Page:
Cooperative Multi-Agent Plan Recognition: A Review of the State of the Art by Loren M. Champlin
Bio: Loren M. Champlin is a Ph.D. student at the School of Information minoring in Cognitive Science while also completing a graduate certificate in Computational Social Sciences at the University of Arizona. He has also completed a B.S. in Applied Mathematics with a minor in Computer Science, a M.Ed. in Teaching and Teacher Education, and a M.S. in Statistics all from the University of Arizona. Currently, his main research focus is Symbolic Artificial Intelligence, specifically the topics of automated planning, plan recognition, and knowledge engineering as they relate to Cognitive Science and Theory of Mind. His current work focuses on developing an AI system that is capable of understanding and assisting teams of humans cooperating on a specific goal or task.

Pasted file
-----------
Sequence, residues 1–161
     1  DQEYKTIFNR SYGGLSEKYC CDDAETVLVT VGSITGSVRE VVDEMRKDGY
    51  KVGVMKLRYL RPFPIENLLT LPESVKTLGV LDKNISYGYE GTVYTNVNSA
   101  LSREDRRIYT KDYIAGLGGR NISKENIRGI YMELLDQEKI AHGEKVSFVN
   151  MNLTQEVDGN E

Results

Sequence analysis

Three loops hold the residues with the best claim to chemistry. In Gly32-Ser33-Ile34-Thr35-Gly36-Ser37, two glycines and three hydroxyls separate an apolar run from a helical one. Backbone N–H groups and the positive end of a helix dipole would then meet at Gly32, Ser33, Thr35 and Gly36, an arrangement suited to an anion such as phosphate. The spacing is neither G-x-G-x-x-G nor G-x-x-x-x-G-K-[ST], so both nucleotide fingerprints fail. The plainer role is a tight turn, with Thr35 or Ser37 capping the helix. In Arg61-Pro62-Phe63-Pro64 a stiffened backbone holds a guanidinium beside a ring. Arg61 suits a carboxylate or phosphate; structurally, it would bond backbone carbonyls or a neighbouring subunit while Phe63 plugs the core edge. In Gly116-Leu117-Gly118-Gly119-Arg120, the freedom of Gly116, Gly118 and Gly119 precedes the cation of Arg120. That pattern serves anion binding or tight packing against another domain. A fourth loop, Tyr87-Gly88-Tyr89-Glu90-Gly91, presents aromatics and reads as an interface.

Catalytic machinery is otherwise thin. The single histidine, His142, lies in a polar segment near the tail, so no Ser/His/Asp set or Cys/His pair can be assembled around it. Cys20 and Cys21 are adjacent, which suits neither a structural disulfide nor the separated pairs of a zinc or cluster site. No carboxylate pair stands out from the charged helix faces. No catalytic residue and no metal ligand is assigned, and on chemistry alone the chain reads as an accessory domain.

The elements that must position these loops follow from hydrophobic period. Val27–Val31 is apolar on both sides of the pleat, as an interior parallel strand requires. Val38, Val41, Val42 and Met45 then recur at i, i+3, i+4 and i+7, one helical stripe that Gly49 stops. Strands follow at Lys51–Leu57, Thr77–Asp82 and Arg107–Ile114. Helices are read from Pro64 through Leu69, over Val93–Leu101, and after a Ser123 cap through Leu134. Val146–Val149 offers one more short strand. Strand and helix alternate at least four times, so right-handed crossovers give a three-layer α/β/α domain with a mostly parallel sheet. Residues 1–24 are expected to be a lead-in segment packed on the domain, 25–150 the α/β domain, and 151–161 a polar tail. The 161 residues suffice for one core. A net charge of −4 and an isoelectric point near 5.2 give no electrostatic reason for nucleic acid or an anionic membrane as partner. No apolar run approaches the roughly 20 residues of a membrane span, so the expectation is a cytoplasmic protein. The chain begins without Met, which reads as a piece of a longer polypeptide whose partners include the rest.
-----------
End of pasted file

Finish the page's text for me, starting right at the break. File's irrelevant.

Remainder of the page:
Abstract: There is an increasing need for technologies that can assist groups of human users cooperating on a coordinated task. An essential component to providing this need is an artificial intelligence (AI) system that can recognize and understand the behaviors and plans of a cooperating group of human users. This capability is known as Plan Recognition or more specifically Cooperative Multi-Agent Plan Recognition (MAPR) when dealing with multiple cooperating agents. My talk introduces Plan Recognition and Cooperative MAPR, describes the taxonomy of approaches for implementing Cooperative MAPR, and discusses some conclusions I have made about the state of the field.